'More than three in 10' in East Africa undernourished, says UN

The United Nations have declared that the number of people going hungry is increasing for the third year running. A report from the UN Food and Agriculture Organization, the International Fund for Agricultural Development, the UN Children’s Fund, the World Food Programme and the World Health Organization, said reaching the target of zero hunger by 2030 is “an immense challenge”.

More than 820 million people worldwide are not getting enough food, with the situation most alarming in Africa, the report says. Africa "has the highest rates of hunger in the world" and the rates are rising in some of the continent's sub-regions. The report says that in East Africa more than three in 10 of the population are undernourished. Across the continent, "in addition to climate and conflict, economic slowdowns and downturns are driving the rise. 

"Since 2011, almost half the countries where rising hunger occurred due to economic slowdowns or stagnation were in Africa," it added.

While hunger remains widespread, obesity also continues to rise in all regions. Africa and Asia are home to nearly three-quarters of all overweight children worldwide, according to the report that says it is largely driven by consumption of unhealthy diets.

An article by the guardian yesterday revealed: “wiping out hunger in Africa could cost $5bn.” Yet billions are are already spent on humanitarian aid each year, yet nearly 60 million children across Africa go to bed hungry.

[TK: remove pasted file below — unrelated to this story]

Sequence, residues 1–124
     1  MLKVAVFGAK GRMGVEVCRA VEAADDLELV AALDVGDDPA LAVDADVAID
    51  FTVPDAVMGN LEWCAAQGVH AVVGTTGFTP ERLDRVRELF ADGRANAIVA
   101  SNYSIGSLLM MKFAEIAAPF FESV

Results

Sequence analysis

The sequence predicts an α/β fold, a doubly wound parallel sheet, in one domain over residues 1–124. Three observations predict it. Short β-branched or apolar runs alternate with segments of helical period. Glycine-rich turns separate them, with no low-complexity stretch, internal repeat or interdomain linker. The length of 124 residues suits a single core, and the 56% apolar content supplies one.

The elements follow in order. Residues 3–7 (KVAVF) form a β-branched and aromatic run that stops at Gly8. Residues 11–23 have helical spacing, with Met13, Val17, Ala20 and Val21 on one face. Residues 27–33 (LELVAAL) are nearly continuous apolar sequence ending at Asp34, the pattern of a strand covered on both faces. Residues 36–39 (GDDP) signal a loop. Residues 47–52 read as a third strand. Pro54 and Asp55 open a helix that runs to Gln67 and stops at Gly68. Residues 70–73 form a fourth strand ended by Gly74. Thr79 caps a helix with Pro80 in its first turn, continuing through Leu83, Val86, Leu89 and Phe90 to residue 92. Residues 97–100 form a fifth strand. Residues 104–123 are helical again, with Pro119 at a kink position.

Richer donor countries need to show they are serious about helping to eradicate malnutrition and hunger by ripping off the bandage of food aid. This sounds counterintuitive, but donors need to invest in agriculture and local food manufacturing instead so that African countries can become self-sufficient. But this requires a bold new approach funded by public-private investment. Local food projects exist, but few are capable of scale. The answer lies in initiatives such as Africa Improved Foods (AIF). Started two years ago in Rwanda, it is the first big public-private partnership in Africa to specifically address malnutrition and hidden hunger.

In one year of operation, and with an investment of only $70m (£55m), it has already helped more than two million people to avert malnutrition. AIF purchases locally grown maize and other crops from more than 24,000 smallholder farmers – mostly women – at set prices that guarantee a predictable income for them. These crops are locally processed in a factory in Kigali, where a nutritious “super cereal” is produced for mothers and young kids in the region.

Food security in Africa is an achievable goal. Private companies need to step forward to invest in that brighter future. Together with local farmers and governments, we can eradicate hunger in Africa.

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